The 1993 Constitution prohibits unlawful entry into a home against the wishes of the occupant and states that a person's private life, privacy of correspondence, and telephonic and telegraphic communications are protected by law. The law requires the General Procurators's approval for wiretaps, searches of homes, interception of mail, and similar procedures. However, a change in the law weakened these protections by allowing the procurator to give approval for searches over the telephone. In such cases there is then no written proof that a search was approved. Furthermore, in certain cases law enforcement officers may conduct a search and then get approval within 24 hours afterwards. If approval is not given, any evidence seized is inadmissible in court, but the search still may be made. Personnel and organizations responsible for violations of these privacy rights during the Soviet period have remained largely in place; however, no widespread and systematic violations of the privacy of citizens were reported. Some citizens active in politics or interested in human rights believe that the privacy of their communications was violated. Credible evidence is not available.
Section 2 Respect for Civil Liberties, Including:
a. Freedom of Speech and Press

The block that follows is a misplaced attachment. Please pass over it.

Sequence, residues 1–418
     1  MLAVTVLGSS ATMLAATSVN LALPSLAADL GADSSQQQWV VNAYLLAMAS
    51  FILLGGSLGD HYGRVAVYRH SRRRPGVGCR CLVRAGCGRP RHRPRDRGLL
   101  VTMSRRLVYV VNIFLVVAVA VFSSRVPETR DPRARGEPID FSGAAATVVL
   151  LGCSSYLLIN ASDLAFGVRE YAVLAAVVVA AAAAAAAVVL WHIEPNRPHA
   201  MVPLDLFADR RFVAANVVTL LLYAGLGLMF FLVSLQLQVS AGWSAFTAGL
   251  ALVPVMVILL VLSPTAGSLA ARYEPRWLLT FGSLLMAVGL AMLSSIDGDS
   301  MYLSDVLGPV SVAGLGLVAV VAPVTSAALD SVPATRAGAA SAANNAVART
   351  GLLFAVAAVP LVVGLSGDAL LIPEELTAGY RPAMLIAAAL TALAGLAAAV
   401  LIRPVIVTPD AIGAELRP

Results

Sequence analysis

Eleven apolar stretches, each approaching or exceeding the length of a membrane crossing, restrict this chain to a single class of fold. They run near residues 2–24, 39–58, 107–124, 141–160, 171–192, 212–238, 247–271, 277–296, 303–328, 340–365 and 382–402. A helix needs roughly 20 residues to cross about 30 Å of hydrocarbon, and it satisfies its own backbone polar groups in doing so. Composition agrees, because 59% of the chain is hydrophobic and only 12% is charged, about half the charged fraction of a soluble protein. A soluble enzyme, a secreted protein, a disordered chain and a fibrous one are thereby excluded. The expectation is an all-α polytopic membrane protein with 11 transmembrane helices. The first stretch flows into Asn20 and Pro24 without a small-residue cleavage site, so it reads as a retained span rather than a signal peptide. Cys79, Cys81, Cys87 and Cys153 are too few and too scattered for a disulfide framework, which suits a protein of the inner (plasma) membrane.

A 1992 law calls for freedom of the press and mass media but also provides guidelines proscribing publication of certain information. The law supports the right of journalists to obtain information, to publish without prior restraint, and to protect sources. However, it also contains provisions that the Government has used to restrict press freedom. For example, the law prohibits publication of material that advocates war, violence, or intolerance toward ethnic or religious groups; desecration of national norms, ethics, and symbols like the national seal, anthem, or flag; publication of pornography; and propagation of "false information." The law also states that the press should not violate the privacy or dignity of individuals. It requires all media to register with the Ministry of Justice and to await the Ministry's approval before beginning to operate. Fully independent newspapers and magazines exist in the capital, as well as a few hours of independent television broadcasting and some independent radio stations. Almost all electronic media and a significant portion of print media are still government supported. The Government continues to influence media coverage. The only overt antipress actions this year have been presidential lawsuits for slander against newspaper editors and reporters. The President successfully sued two editors of the independent newspaper Res Publica after the newspaper published an editorial claiming that President Akayev had foreign property and bank accounts. The allegations were not proved, and the two editors were found guilty of publishing false information which libeled the President. They were sentenced to 18 months in prison and barred from practicing journalism for that period. The prison sentences were suspended at the request of the President. The editors have appealed the conviction. The first Appeal Court upheld the conviction, and it is now being appealed to the Supreme Court. In November upon returning from Moscow, a medical doctor who is a human rights activist was arrested and charged with libel for writing an article published in Res Publica in June. He was released on bail and is awaiting trial. While living in Moscow he claimed to be in exile since he faced arrest on returning home. The presidentially created Council on the Activities of the Mass Media continued to dampen journalistic freedoms. At least two journalists received warnings from the Council to cease writing certain types of articles. Nonetheless, newspapers like Res Publica continued to publish articles critical of the President, the Government, and government policy. There were a number of complaints that law enforcement officers harassed journalists. This was especially the case during the Turkish summit and the Manas celebration when both foreign and domestic journalists were sometimes physically restrained from taking pictures or approaching restricted areas even when they had permission to do so.